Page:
“The Beatles” were last seen on British televison in 1988. Legal struggles over the ownership of the show took the episodes off the air, and it was not until 1996 before the Beatles’ Apple Corp. Ltd. gained complete ownership of the property. Since this occurred, no plans were ever announced for an official home video or DVD release of the series. Bootleggers, however, filled the void for years and their videos and DVDs can easily be found on the Internet and at Beatles’ fan conventions.

Net surfers who’ve never seen “The Beatles” can catch one of the episodes online: an unauthorized RealMedia presentation of the “Strawberry Fields Forever” cartoon can be found on the Toon Tracker site. But if you’ve never seen “The Beatles,” you honestly are not missing much. “The Beatles” is a clumsy and crude animated series which is genuinely not worthy of the Fab Four or their music. Rumors have persisted for years that a video compilation of the cartoons is pending. If the surviving Beatles and their managers ever think about dusting off and re-releasing the cartoons, hopefully they will heed the words of Mother Mary and let it be.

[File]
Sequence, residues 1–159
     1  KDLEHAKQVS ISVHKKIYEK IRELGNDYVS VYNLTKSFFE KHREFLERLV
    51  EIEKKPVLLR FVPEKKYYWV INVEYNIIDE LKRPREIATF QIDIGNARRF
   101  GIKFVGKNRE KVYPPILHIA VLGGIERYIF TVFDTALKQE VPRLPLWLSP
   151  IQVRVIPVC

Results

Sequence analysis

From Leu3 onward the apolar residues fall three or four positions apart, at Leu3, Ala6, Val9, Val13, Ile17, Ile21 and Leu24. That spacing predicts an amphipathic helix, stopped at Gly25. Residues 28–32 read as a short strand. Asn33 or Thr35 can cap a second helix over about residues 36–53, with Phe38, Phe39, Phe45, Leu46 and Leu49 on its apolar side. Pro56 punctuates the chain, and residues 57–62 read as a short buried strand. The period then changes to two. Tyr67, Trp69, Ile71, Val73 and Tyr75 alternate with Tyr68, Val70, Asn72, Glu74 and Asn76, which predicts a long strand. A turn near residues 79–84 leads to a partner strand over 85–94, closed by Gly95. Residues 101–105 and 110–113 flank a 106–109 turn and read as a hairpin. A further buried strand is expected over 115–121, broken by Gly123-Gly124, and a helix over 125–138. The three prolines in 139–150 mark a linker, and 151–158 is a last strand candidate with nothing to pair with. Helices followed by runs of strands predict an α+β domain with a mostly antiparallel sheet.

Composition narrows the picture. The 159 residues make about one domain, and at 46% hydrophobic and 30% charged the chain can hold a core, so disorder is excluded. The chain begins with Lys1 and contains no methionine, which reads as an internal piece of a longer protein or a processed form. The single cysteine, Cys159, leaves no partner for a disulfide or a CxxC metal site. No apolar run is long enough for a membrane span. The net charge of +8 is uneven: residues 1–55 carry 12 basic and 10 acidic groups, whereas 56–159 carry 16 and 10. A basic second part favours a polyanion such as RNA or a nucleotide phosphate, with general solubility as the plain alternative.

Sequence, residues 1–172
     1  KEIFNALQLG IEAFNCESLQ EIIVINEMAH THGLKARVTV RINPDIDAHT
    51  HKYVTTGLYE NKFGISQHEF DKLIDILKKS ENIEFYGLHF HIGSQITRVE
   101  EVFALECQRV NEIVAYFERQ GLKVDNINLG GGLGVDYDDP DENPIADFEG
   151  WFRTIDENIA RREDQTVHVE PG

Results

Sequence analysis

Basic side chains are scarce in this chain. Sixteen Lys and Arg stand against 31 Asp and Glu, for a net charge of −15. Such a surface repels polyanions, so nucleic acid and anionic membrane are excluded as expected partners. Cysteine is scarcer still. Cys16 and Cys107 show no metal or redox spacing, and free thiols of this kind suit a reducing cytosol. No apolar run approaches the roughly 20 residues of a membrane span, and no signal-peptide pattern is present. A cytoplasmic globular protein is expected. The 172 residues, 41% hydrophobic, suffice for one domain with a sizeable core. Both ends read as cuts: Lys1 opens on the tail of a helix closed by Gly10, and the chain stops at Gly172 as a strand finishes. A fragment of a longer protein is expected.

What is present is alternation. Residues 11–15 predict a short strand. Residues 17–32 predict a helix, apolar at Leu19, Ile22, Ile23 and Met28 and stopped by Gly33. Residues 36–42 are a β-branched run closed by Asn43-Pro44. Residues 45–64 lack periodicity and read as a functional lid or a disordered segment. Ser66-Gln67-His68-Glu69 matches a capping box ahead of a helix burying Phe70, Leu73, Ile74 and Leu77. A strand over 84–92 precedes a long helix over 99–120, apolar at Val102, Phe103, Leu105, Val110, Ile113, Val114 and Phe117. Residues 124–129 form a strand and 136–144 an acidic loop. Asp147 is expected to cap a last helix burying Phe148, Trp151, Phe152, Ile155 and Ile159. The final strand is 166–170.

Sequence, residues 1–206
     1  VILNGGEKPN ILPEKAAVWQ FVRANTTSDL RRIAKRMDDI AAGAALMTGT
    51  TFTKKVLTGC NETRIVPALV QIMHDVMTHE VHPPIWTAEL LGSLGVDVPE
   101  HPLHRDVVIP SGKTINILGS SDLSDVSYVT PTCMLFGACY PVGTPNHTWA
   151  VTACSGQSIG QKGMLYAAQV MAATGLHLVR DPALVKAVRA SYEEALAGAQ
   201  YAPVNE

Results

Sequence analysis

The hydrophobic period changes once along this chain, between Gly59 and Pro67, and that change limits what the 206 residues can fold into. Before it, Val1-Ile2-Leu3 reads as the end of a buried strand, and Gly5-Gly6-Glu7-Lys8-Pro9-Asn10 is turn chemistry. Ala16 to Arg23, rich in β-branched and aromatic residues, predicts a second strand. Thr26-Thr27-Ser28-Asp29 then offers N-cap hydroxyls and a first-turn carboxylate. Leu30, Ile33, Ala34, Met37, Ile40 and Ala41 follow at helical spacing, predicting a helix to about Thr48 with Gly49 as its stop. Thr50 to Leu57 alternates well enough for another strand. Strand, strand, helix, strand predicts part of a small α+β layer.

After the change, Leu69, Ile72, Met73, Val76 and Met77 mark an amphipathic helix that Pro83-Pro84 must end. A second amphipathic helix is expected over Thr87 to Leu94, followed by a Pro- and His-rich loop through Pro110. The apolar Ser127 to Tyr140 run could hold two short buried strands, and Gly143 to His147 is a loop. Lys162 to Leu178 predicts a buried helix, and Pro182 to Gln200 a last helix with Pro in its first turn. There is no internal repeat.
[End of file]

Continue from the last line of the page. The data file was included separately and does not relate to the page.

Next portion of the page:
IMPORTANT NOTICE: The unauthorized duplication and distribution of copyright-protected material is not widely appreciated by the entertainment industry, and on occasion law enforcement personnel help boost their arrest quotas by collaring cheery cinephiles engaged in such activities. So if you are going to copy and sell bootleg videos, a word to the wise: don’t get caught. The purchase and ownership of bootleg videos, however, is perfectly legal and we think that’s just peachy! This column was brought to you by Phil Hall, a contributing editor at Film Threat and the man who knows where to get the good stuff…on video, that is.